But I'm still watching the debate going on in the Senate.
So they have counterproposed just ignoring the lingering questions. We
need to do something. The final warning, the one that
hits home for Igor, comes from the Senate chamber itself,
and I will stand in recess until the call of
the chair who fosters thank you. So as soon as

(13:39):
I heard those words, I had gotten up and I
started running down these these steps to figure out what
the hell is going on, because there's only a couple
of reasons why they would do this. One of those reasons,
of course, is that intruders are now inside the building.
As Igor runs down the stairs to find out what's happening,

(13:59):
he hears angry voices echoing up the marble stairwell. He
starts filming on his phone as he runs, and immediately
stumbles into a now famous scene. As I round the
corner and counter a loane black police officer trying to
hold back a mob of fifteen or twenty or so

(14:20):
people who have gotten into the building. You might remember
this image a black officer standing before a group of
angry capital invaders who looked like they might rush him
at any moment. His left arm is outstretched and he's
pointing at the rioters, signaling for them to turn around
and leave. This loan officer is an Army veteran named

(14:40):
Eugene Goodman. You see him pick up a baton that
he had dropped and go back and try to kind
of wave it at them to get him to stay back,
and they're clearly refusing to listen. The rioters are shouting
at Officer Goodman, getting in his face, pressuring him to
let them passed. There's a lead rioter there in the

(15:07):
video that you can see. He's got a beanie and
a beard who kind of takes charge and starts menacing
this officer and was, you know, shaking his head. No way,
I'm not leaving like you. You better do something to
stop me. That's going to be burned in my head
because the way he was doing this. This man in
the beanie, who was also wearing a black quan on

(15:29):
shirt over his gray hoodie, is by far the most
aggressive in the crowd. We now know that he's an
Iowa called Douglas Austin Jensen. We also know curiously that
Mr Jensen has no idea which building he's currently storming.
Here's a clip that Jensen filmed of himself earlier in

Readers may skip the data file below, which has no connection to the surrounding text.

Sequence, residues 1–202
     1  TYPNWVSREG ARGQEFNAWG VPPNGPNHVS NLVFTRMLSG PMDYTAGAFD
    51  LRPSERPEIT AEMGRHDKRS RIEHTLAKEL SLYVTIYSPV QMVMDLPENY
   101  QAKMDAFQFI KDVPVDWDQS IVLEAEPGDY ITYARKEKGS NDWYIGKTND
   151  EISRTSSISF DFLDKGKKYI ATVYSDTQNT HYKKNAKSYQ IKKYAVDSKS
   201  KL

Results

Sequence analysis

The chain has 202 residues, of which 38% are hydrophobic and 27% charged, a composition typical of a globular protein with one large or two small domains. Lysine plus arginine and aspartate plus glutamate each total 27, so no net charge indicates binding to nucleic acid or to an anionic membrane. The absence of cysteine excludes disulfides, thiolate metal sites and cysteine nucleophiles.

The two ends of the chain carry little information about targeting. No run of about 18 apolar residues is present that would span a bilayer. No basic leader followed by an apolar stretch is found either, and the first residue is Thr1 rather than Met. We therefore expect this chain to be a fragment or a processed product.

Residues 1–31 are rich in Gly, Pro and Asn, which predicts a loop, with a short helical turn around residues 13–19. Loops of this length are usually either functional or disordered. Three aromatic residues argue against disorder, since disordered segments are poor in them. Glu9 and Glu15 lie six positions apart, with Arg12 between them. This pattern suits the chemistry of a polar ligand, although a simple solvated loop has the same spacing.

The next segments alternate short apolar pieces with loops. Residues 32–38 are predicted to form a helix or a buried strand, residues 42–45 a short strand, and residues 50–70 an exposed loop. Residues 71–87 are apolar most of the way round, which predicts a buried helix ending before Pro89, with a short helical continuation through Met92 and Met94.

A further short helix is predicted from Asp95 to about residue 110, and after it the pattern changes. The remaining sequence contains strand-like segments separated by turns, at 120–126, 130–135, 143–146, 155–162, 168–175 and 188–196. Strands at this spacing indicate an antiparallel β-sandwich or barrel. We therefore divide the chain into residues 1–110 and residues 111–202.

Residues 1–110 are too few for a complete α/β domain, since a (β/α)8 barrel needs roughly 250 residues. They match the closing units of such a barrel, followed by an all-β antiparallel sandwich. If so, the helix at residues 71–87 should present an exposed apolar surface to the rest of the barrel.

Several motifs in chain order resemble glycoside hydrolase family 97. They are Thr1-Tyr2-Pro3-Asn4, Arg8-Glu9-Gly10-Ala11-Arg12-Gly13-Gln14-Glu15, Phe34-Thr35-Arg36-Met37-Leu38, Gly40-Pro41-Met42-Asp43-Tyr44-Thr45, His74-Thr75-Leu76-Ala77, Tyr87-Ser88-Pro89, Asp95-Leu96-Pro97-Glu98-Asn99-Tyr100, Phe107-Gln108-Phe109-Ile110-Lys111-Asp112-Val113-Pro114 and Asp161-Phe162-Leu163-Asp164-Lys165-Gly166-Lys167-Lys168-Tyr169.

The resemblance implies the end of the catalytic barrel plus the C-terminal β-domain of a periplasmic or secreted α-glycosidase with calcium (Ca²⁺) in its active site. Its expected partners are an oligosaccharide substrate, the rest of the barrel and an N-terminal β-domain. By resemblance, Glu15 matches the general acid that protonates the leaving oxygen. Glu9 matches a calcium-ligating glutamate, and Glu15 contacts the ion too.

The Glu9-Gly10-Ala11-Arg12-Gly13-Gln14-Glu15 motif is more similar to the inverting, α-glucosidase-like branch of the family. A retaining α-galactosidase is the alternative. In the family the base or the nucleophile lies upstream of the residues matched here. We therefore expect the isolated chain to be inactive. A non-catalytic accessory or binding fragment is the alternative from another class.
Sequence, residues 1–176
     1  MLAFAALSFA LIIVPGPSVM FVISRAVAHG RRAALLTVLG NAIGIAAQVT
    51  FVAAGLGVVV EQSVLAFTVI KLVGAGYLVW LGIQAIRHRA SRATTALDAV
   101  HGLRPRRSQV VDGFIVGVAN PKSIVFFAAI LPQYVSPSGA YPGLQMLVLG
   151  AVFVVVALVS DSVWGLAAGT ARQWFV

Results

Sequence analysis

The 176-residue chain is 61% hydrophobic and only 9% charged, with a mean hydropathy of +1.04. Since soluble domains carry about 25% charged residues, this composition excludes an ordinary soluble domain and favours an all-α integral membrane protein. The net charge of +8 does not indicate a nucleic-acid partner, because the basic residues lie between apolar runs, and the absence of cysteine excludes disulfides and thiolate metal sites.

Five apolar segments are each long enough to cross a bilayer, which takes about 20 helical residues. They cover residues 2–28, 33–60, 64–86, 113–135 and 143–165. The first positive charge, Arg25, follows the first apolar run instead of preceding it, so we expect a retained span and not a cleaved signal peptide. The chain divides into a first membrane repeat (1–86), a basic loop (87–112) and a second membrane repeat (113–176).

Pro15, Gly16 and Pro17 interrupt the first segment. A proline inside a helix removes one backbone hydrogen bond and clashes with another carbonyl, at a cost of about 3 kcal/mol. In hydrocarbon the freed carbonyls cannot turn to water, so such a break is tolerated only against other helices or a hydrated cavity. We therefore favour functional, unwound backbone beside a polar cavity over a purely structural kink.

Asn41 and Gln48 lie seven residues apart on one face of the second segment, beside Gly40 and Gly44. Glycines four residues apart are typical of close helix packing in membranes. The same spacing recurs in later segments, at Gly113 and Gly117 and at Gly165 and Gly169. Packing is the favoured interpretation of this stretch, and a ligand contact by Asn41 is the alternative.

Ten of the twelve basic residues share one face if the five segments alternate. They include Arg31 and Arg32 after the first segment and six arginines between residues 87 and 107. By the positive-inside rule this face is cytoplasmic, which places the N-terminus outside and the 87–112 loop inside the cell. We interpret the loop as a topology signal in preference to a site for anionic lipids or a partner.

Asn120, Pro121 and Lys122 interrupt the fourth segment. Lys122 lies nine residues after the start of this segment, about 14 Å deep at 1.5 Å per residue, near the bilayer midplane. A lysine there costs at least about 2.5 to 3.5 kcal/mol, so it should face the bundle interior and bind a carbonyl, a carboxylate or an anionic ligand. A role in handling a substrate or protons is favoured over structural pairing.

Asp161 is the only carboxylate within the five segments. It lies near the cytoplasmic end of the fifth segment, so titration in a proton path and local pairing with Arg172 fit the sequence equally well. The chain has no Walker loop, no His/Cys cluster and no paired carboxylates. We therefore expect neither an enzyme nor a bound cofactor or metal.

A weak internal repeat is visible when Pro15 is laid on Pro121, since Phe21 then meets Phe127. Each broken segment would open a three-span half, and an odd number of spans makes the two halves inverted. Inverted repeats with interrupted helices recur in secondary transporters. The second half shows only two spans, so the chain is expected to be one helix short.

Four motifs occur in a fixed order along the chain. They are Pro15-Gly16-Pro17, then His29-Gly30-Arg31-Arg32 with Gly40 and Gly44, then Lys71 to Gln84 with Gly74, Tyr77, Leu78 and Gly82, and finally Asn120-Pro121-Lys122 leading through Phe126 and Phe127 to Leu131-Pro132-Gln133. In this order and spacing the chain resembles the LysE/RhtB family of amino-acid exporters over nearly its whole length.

the day. He's standing outside the Capitol Building with his

(15:52):
hand pressed against the wall. This is me such the
fucking White House. This is why we're here. Douglas Jensen's
videos for January six contain multiple references to the White House.
So you know, as you can't see the videos, I'll
just be absolutely clear. He's not at the White House.
He's at the Capitol. That's what would go. Actually it isn't,

(16:19):
but I digress. Faced with this mob, at least one
of whom is in the wrong building, Officer Goodman realizes
that he can't hold them back alone. You sort of
see Officer Goodman retreating up the back of the steps,
speaking into his radio on his shoulder. You know, he's screaming,
second floor, second floor, we have a breach. I'm retreating

(16:41):
back with him. As we go back up the steps
to the second floor, where you see Goodman kind of
look left and make sure that the nearest entrance to
the Senate Chamber is guarded or not, and then you
see him pull away the mob in the opposite direction
towards the backup m This is a crucial moment. At

(17:02):
the top of the stairs, with a column of hyped
up rioters bearing down on him, Officer Goodman has to
make a split second decision. Does he go right or left?
In the video you see his head rapidly turned to
the left and looked down the corridor. The door to
the Senate Chamber appears to be unguarded, so he acts.
Officer Goodman pushes Douglas Jensen, the confused, aggressive rioter, now

(17:25):
right in Goodman's face. Jensen, pushed, seems disoriented for just
a second. Goodman retreats to the right, away from the chamber.
Jensen seems to recover and follows Goodman. Miraculously. The column
of rioters behind do the same, following Jensen and the
retreating Officer Goodman moving away from the senators who are

(17:47):
mere meters away. This critical fast thinking by him might
have been the difference between them getting into the Senate
chamber itself because of that. At that moment, I don't
believe it was secured the door with you know, all
this senitors and all the other staff inside. If the
rioters had broken into the Senate chamber at that point,

(18:07):
whilst many of their most hated targets were still inside.
It's difficult to believe that the meeting would have been
a peaceful one. Thankfully, Officer Goodman appears to have bought
just enough time for the safe evacuation of the Senate.
He's a remarkable guy. All he's wanted to do ever
since was go back to work. You know, he's keep
your head down kind of guy who really shuns away

(18:29):
from the limelight. He's still there every day right now.
I running into him in the halls and we, you know,
we kind of share this this moment, this crazy moment together,
and every time I see him and every time he
sees me were I'm sure it runs through his mind
as well. When watching the video of Eugene Goodman, it's

(18:51):
hard not to be struck by the image of a
white mob chasing a black man through the halls of
the nation's capital. And the truth is that the day
was just littered with racist symbols, from Confederate flags to
Peppy the Frog images to just straight up newses. There
was even a guy in a Camp Auschwitz hoodie, and
as you'd expect, the police on the front lines bore

(19:13):
the brunt of the crowds over racism. Officer Harry Dunn